Frequently Asked Questions (FAQ):
Q. Why haven't you got any books that I like?
A. Our library collections are mainly driven by what you suggest we buy. You can make a suggestion in several ways: by phone, in person (by filling out one of our paper forms) and online - via your library account. We can help you in this process, just give us a ring on 03 433 0850 or come in and see us.
Q. Why do you throw out so many books?
A. Like all public libraries in New Zealand, we have a finite space to grow our collections. To keep from overflowing (and also avoid obsolescence) we must remove books and other lend-able items. In library speak, we call this "weeding". Every public library has a collection management policy and you are very welcome to view ours. You can ask at our Oamaru branch or email us at: email@example.com.
Q. Do you have things other than books to borrow?
A. Yes, we do. We have a wide range of resources that you can access and/or borrow - both in hard copy and digital. We have an extensive DVD collection, with particular emphasis on popular movies, but we also have a "Classics" collection and TV series; we also have magazines, audiobooks and e-audiobooks, ebooks, databases and Press Reader - a magazine subscription platform online. To find out more about these collections and how they work, please feel free to ring us on 03 433 0842 or come in to see us in person.
Q.How old is the Oamaru Public Library?
A.The Oamaru Public Library began its life with the Oamaru Athenaeum and Mechanics Institute in 1878, who built the 'new' Athenaeum building on the corner of Thames and Steward Street. This building (at present housing the North Otago Museum), was opened in 1882 with 4000 volumes already accumulated for the beginning of a circulating and reference library. The first books were issued from the new Athenaeum in early 1883 and evening classes for young people were established in 1887. By 1938, the Athenaeum and Mechanics Insititute had a record of 74 years library service to the community. The total issues for that year were just over 79,000 which represented 10 books per head of population. Membership of the Athenaeum, however, was still by subscription.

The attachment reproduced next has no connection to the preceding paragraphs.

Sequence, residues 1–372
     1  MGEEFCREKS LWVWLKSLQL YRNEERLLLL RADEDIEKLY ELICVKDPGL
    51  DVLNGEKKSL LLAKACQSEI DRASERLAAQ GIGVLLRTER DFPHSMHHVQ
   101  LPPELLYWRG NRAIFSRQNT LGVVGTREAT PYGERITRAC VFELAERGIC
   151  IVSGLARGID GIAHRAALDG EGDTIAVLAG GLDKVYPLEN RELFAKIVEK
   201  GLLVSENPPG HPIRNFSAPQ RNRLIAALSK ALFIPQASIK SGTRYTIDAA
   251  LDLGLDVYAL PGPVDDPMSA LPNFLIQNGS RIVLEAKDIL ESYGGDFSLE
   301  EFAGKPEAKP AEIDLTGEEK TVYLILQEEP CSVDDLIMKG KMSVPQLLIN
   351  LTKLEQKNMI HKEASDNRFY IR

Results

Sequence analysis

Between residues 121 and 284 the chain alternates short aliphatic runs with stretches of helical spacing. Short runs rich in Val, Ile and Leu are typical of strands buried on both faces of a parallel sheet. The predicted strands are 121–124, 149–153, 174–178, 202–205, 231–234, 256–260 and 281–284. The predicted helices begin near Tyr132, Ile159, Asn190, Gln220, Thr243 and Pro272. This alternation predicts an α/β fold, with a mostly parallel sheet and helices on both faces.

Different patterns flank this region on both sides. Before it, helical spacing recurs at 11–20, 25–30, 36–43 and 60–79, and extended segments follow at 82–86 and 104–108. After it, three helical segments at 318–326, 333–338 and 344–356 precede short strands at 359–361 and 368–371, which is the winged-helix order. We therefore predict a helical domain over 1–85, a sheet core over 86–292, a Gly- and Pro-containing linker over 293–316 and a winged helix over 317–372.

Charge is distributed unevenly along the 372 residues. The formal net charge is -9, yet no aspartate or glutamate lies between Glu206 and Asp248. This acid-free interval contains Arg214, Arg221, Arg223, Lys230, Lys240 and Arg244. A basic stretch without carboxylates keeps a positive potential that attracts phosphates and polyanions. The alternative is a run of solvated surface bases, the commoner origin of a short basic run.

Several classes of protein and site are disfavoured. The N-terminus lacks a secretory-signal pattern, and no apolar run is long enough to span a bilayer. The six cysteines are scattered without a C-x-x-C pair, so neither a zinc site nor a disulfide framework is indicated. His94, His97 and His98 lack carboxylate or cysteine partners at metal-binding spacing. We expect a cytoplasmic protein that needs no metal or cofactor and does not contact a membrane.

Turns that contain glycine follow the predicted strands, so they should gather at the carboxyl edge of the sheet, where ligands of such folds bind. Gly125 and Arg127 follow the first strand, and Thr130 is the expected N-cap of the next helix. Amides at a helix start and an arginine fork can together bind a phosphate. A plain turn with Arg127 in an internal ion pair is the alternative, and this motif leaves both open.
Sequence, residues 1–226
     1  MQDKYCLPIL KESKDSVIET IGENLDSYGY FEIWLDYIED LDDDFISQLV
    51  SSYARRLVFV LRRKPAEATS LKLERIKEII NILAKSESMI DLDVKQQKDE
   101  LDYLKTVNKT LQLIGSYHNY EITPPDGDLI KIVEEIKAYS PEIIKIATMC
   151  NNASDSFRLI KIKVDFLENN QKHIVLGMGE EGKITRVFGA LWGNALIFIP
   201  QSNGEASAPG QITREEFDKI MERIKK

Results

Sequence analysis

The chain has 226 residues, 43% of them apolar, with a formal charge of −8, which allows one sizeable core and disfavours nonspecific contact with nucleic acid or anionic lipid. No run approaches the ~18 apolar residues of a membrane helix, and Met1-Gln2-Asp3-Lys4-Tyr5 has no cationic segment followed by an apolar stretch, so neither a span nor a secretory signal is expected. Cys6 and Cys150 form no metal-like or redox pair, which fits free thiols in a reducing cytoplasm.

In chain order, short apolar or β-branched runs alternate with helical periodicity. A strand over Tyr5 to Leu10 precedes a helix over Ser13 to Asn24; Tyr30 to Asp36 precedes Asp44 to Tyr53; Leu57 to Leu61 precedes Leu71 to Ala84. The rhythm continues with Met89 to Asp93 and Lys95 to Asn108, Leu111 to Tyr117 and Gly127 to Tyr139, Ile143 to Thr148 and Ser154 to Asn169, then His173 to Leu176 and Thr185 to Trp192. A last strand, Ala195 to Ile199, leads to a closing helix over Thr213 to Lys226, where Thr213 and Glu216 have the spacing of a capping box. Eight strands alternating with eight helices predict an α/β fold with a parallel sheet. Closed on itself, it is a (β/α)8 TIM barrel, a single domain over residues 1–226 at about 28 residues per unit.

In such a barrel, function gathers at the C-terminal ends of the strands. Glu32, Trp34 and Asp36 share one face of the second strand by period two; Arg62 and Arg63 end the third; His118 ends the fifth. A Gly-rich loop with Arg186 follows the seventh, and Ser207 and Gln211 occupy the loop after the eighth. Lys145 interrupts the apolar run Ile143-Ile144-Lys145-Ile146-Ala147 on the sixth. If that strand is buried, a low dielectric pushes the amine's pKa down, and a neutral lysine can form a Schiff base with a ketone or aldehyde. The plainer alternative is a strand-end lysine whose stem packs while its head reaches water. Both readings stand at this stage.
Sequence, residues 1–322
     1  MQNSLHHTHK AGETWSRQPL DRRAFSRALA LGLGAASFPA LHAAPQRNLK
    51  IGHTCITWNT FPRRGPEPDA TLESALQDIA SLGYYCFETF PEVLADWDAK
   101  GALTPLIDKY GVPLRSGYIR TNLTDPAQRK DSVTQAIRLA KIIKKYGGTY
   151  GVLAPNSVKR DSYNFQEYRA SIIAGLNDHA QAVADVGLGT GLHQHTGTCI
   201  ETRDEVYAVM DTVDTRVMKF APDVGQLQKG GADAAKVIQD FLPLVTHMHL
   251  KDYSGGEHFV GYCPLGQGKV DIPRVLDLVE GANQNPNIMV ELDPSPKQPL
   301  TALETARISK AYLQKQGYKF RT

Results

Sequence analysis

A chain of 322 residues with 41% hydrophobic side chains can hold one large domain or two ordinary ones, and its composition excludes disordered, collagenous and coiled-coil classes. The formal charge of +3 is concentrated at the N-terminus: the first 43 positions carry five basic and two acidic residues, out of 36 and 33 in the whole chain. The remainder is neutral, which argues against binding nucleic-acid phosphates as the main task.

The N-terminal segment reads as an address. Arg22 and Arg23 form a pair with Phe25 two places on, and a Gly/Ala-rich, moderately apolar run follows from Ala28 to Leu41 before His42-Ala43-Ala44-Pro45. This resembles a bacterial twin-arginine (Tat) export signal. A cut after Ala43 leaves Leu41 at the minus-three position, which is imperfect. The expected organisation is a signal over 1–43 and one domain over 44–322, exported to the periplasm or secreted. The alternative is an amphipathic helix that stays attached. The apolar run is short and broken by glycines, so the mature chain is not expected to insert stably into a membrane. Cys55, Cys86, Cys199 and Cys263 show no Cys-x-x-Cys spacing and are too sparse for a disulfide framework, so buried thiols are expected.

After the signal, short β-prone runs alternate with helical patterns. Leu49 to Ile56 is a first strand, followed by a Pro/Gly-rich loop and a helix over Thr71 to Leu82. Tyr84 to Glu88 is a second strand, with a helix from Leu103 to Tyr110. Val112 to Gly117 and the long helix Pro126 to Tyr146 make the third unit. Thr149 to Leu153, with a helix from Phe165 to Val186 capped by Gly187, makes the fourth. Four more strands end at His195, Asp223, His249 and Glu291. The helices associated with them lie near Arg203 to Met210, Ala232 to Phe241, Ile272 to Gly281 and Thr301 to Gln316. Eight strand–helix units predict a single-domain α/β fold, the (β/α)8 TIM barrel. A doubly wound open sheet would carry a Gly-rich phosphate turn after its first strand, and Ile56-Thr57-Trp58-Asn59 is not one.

In 1945, a large public petition was presented to the Borough Council proposing that the Athenaeum become a municipal library, and in 1948 the eventual handing over of the Committee's assets to the Council took place. The Council, in turn, agreed to set up a free public library and carry out improvements to the library. By 1973, however, library services had outgrown the building, with the Librarian at that time reporting that, "At present the overcrowded, cramped conditions, which affect both the public and the staff, are hampering the working of the service to such an extent, that I sometimes feel it is impossible to continue." A new library building was proposed, situated nextdoor to the 'old' Athenaeum library and, on the 19th September 1975, the new library was officially opened by the Mayor, Mr R.D.Allen.
The intervening 40 years have seen many changes to the style of services provided within the building and outside of it, with branch libraries extending to Palmerston, Kurow, Hampden, Omarama and Otematata (forming the Waitaki District Libraries syndicate) - these services continue to evolve as new technology replaces old.